By the numbers, blasphemy is much more widespread; nearly a quarter of all countries have blasphemy laws, including a number of nations in Europe and the Americas. Jail time is often the penalty for defaming someone else’s religion. In some countries, though, blasphemy (typically tried in ‘he said’ – ‘no I didn’t’ courtrooms) is a capital crime, including the IS.
Underlining the Pew research, on July 28 the U.S. Congress received the International Religious Freedom Report for 2013 from the State Department. The opening paragraph of the executive summary states:
In 2013, the world witnessed the largest displacement of religious communities in recent memory. In almost every corner of the globe, millions of Christians, Muslims, Hindus, and others representing a range of faiths were forced from their homes on account of their religious beliefs. Out of fear or by force, entire neighborhoods are emptying of residents. Communities are disappearing from their traditional and historic homes and dispersing across the geographic map. In conflict zones, in particular, this mass displacement has become a pernicious norm.
In surveying dozens of sources for this story, the one I can’t get out of my mind is an extraordinary 42-minute documentary produced by a group of young journalists with the moniker Vice News. Vice News focuses on important under-reported international stories. They reached out to Islamic State News and were exclusively allowed to bring their cameras and questions into Raqqa, a Syrian province taken over by IS last month on a river that feeds both Syria and Iraq. The documentary crew visited IS schools, mosques, festivals, markets, prisons, and battles in Raqqa.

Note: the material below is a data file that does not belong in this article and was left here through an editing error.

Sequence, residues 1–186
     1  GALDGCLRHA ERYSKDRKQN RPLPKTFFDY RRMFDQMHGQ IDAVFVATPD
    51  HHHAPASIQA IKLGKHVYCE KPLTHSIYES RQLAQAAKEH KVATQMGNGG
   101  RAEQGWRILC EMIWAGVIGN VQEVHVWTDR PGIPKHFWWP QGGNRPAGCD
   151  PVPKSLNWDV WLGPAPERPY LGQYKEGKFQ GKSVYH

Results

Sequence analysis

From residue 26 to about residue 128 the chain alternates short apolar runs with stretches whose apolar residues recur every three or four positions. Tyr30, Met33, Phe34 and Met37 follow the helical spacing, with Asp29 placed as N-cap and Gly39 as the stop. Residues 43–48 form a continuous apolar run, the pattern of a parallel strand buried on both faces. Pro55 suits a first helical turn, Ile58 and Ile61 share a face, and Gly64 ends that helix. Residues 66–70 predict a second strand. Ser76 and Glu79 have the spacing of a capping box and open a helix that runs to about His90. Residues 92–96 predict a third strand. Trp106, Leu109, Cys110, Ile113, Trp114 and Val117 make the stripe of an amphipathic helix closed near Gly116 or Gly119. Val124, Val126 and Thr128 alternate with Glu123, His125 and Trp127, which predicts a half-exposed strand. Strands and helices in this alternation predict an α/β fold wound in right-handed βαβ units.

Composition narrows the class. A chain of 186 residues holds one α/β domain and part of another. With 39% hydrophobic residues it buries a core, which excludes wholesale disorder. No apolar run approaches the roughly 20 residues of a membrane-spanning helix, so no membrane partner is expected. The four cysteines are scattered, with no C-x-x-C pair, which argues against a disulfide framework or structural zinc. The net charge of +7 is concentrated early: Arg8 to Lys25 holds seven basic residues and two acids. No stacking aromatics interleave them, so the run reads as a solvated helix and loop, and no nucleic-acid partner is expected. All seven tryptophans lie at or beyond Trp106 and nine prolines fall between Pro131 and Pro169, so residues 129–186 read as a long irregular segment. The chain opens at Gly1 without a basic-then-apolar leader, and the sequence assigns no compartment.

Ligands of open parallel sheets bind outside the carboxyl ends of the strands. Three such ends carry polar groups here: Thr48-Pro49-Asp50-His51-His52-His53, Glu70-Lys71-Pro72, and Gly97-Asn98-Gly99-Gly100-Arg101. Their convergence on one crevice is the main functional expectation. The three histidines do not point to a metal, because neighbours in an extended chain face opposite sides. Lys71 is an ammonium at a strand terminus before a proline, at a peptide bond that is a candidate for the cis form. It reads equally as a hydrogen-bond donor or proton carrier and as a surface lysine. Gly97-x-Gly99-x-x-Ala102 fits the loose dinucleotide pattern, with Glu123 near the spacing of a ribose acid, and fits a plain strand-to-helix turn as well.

What chilled me was not so much the violence, however horrifying, but the spirit behind it, the celebratory, joyful conviction we hear over and over that they are the exclusive holders of truth and will come after anyone who disagrees with a sword.
Being convinced that you possess the only way to God infects most religious traditions one way or another. But in this new IS community, young and old, rich and poor, powerful or imprisoned, are seriously bent on destroying anyone who disagrees. To be sure, the documentarians went only where Islamic News took them. The children, though passionate, sound rehearsed. None of that mitigates how, one after another, these fanatics beam with enthusiastic joy at the prospect of killing for God’s sake.
Responding to IS
The crisis in Syria/Iraq called the world to attention, and a variety of multistate, interfaith, military, political, and economic activities opposing IS are emerging. Among religious leaders, Pope Francis was the one of the first to weigh in on the tragedy. On an airplane returning from Korea on August 18, he told reporters, “In these cases, where there is an unjust aggression, I can only say that it is licit to stop the unjust aggressor. I underscore the verb ‘stop.’ I’m not saying ‘bomb’ or ‘make war,’ just ‘stop.’”
He went on, “One nation alone cannot judge how you stop this, how you stop an unjust aggressor. After World War II, the idea of the United Nations came about: It’s there that you must discuss ‘Is there an unjust aggression? It seems so. How should we stop it?’ Just this. Nothing more.”